This editorial supplement shows how advances in technology are linking prehospital and hospital teams in an unprecedented, seamless manner. The result: better coordination of care, better resuscitation results and better evaluation and validation of what we are doing for our patients.
I’m no Trekkie, however, like many other EMS administrators who have assumed the responsibility for review, deployment and maintenance of technology-related items, I can identify with the highly respected title of “techno geek.” The San Diego Fire-Rescue Department, San Diego Medical Services and our partners in the city of San Diego’s EMS system have had the wonderful opportunity to envision and develop many advanced tools to improve our delivery of prehospital emergency care.
It’s been more than 50 years since the first report of successful resuscitation using “closed chest massage.” In describing the early success of this thing called cardiopulmonary resuscitation (CPR), the authors noted that “anyone anywhere can now initiate cardiac resuscitative procedures. All that is needed are two hands.”1
Hypothermia has been gaining steady ground as a standard of care for cardiac arrest patients. A new clinical study in Europe being sponsored by Philips Healthcare is taking a look at rapidly induced hypothermia by infusion of cold saline and endovascular cooling before reperfusion in patients suffering ST-elevated myocardial infarction (STEMI). It is hoped the study will determine whether hypothermia can make an even bigger difference in reducing heart damage in these patients.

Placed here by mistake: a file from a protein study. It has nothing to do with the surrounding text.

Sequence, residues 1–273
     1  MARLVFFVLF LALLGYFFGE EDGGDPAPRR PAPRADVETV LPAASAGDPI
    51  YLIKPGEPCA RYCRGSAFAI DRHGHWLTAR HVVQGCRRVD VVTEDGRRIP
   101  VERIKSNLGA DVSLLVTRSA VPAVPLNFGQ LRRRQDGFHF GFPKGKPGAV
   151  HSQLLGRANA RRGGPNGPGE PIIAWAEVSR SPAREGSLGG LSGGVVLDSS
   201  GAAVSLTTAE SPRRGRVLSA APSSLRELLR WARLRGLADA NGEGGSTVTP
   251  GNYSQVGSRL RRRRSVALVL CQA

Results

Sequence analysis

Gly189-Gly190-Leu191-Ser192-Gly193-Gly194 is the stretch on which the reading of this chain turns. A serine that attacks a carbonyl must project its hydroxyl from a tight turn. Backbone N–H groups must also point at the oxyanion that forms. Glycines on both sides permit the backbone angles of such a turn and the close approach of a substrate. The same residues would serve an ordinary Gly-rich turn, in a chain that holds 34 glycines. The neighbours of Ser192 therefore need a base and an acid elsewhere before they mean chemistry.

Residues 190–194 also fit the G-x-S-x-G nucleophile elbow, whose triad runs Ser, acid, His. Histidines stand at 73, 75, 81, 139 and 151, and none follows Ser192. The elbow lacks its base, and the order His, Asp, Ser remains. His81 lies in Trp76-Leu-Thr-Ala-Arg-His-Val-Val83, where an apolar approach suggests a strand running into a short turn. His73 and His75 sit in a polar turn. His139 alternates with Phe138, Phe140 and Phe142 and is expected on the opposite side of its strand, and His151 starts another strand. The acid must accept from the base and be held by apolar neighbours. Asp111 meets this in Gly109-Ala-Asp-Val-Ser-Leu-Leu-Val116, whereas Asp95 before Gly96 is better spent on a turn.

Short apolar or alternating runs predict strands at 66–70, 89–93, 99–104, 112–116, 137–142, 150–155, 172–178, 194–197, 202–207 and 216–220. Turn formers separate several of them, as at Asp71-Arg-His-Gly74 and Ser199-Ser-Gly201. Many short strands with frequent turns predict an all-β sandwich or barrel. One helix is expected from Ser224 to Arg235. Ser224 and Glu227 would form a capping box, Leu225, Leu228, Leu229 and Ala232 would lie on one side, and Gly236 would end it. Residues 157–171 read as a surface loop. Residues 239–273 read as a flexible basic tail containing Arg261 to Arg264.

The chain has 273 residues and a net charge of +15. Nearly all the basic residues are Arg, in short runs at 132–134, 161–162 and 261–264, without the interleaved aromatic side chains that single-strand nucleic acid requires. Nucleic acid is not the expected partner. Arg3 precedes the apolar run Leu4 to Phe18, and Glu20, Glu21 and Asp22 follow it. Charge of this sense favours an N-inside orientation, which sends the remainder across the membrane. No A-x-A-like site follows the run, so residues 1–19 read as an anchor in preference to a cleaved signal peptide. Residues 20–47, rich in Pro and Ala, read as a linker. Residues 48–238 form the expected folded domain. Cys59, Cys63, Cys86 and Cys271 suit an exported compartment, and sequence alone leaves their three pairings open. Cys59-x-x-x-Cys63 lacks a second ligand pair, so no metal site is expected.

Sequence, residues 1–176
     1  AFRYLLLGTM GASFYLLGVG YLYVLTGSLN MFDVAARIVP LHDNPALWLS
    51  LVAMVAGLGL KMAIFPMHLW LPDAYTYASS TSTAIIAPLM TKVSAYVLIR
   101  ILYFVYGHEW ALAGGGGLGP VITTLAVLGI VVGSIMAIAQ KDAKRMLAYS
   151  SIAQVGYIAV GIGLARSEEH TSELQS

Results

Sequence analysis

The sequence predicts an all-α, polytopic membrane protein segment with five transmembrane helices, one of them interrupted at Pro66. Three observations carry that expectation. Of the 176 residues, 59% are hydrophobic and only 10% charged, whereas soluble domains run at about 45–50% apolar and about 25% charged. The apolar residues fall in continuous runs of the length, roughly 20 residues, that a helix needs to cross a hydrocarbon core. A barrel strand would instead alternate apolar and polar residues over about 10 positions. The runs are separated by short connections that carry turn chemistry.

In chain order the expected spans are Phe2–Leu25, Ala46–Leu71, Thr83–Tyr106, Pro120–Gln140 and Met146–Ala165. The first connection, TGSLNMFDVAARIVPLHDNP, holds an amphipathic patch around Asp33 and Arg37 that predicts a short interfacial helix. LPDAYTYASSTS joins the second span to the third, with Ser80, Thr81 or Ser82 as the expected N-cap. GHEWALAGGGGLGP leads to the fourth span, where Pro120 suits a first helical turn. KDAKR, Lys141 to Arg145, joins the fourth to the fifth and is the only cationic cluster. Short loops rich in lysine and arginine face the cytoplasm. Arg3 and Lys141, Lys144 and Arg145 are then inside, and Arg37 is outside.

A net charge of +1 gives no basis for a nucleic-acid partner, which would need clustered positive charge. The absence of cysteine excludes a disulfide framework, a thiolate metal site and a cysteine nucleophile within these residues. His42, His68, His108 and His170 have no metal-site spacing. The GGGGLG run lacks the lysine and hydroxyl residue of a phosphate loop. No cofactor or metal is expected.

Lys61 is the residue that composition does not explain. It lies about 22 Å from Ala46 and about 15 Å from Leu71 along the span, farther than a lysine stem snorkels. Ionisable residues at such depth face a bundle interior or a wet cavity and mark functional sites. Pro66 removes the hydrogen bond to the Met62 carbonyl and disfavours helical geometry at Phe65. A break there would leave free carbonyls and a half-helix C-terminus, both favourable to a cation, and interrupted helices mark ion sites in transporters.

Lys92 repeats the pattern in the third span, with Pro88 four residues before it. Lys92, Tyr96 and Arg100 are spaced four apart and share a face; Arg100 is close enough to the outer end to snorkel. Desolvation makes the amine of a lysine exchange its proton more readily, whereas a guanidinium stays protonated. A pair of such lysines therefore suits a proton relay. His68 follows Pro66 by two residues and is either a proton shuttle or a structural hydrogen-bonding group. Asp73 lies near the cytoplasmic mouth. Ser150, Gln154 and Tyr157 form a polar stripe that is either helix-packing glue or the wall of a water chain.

How important is data to the success of your system and the outcome of the patient care you deliver? At Montgomery County (Texas) Hospital District (MCHD), we consider data one of our most valuable resources. Being able to measure something gives us the ability to understand and manage it. Without data, we’re in the dark about our performance, which means we can’t improve it.
Phoenix Sky Harbor International Airport may be one of the best public places in the country to survive a sudden cardiac arrest (SCA). Indeed, thanks to an innovative public AED program initiated 10 years ago at the airport, the rate of people surviving witnessed cardiac arrests and being released from a hospital neurologically intact is a stunning 75%.
“If you want to have your heart stop beating, have it [occur] at the Phoenix Sky Harbor airport,” says Debbie Thomas, RN, a paramedic training coordinator for the Phoenix Fire Department.